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    @surv1v0r: There are like 3 things that affect this type of troubleshooting, and there are 2 modalities in common use today for both hardware troubleshooting and software troubleshooting. On the books and manuals I've written on this topic, it comes down to whether you have a software or a hardware background, as well as your own personal experience with troubleshooting problems in general on the computer. After many years of doing this, I can honestly say there is no one right way of troubleshooting. But there is usually more than 1 way to find a problem that solves the problem! The question is, does your troubleshooting method get you to the problem's solution faster than the next guy? It's baffling to me to think that the majority of home computer users think that everything can be solved by a software solution; ignoring the fact that nothing will work correctly if there is an actual hardware fault inside the PC or laptop case. The comment by WilliamB in Post #12 leads me to believe William has a hardware background as I do; so therefore he's inclined to test the computer hardware somewhere along the line; if not immediately, then at some point. There are automated hardware troubleshooting tools, as well as automated software tools and scripts or batch-files. Each of those tools has their merits and disavantages as well. It does make sense that you don't want to jump in with an automatic software repair tool. Most of us here agree with that concept, and that's why we do not like things like automated "driver fixer programs" OR "Registry Tuneup programs" and the like. ;)
    <<<BBJ>>>
     
  17. RichM

    RichM Active Member

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    Well stated BBJ I could never have said that as well.
     
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  18. stockhausen

    stockhausen New Member

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    Interesting . . . other than programs that report voltage levels, fan speeds, temperatures, HDD SMART data (Speccy) and RAM (Memtest86) I wasn't aware of such tools, where might I find details? Personally, beyond this I just swap components.
     
    #18 stockhausen, May 17, 2016
    Last edited: May 17, 2016
  19. BIGBEARJEDI

    BIGBEARJEDI Honorable Member
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    These are tools licensed and trained computer technicians and engineers use who repair computers use. You can google them to get more information. Here are some links to help you:
    MemTest86 - Offical Site of the x86 Memory Testing Tool
    Speccy - System Information - Free Download

    From the Old West days we use a term in the biz called "the Shotgun Approach" which is the random replacing of parts without really doing methodology-oriented troubleshooting. There is certainly nothing wrong with this, as many people who don't have formal vocational or academic training in computer technology successfully use it. But, it has a way of blowing up on you if you don't really know what you are doing. This name came from the idea that Sheriff's in frontier American west would use "shoot 'em first, ask questions later" method to rid the town of violent elements.:tribal:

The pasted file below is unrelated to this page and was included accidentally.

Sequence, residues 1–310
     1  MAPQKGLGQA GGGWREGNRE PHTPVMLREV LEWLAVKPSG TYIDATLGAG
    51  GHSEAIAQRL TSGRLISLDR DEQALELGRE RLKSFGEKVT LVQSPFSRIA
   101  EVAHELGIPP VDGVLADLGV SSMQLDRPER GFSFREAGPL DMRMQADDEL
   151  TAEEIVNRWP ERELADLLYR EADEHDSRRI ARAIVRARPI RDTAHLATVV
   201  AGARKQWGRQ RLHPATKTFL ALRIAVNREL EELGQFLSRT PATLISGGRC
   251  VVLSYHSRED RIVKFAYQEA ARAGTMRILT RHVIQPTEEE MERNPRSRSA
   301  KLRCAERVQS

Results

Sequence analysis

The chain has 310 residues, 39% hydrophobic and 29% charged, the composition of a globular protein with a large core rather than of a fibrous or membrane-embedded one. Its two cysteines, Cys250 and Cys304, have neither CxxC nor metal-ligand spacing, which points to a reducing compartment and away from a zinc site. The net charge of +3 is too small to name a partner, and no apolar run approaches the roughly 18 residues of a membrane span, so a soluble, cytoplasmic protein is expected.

Testing your hardware with known software tools can eliminate many persistent as well as intermittent problems (such as random hangs, Blue Screens, freezes, etc.) with your computer. As WilliamB put it, it's often a hardware problem at the root cause of many computer problems, and if intermittent, this is the most difficult type of problem to resolve, and requires expert level troubleshooting skills. Having trained hundreds of computer engineers for over a decade, I am aware of all the aspects of random "swap-out" or "shotgun approach" troubleshooting, and those approaches can sometimes produce very bad results. Bad as in fire & brimstone bad. :waah:.

    There are loads of computer help forums out there, but often you will get a dozen people helping you with trying to correct a software problem without ever looking at the hardware, until a tech knowledgeable in both and the proper troubleshooting methodology comes along and asks a simple question like "did you test your hard drive?", or "did you test your RAM memory sticks?". If one of those components is failing or has failed, you can have a thousand people trying to fix the Registry or whatever software tools they throw at the problem, and the bottom line is as I always say: "NO SOFTWARE ON THE PLANET CAN FIX BROKEN HARDWARE!!".

    Keep asking questions. :encouragement:
    <<<BBJ>>> :onthego:
     
  20. stockhausen

    stockhausen New Member

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    Some news on updates from Microsoft today (LINK):

    Microsoft today announced the availability of so-called "convenience rollups" for Windows 7 SP1.
    I wonder whether there is any connection between this "Rollup" and the recent problems?
    Where is SP2? Didn't XP end up on SP3?


    EDITED:

    I happened to speak to two people today who were very upset that their computers had been "automatically" updated from Windows 7 to Windows 10 in the last day or two.

    They were adamant that they had not agreed to this but they both thought that their computers were setup to install updates automatically overnight.
     
    #20 stockhausen, May 17, 2016
    Last edited: May 18, 2016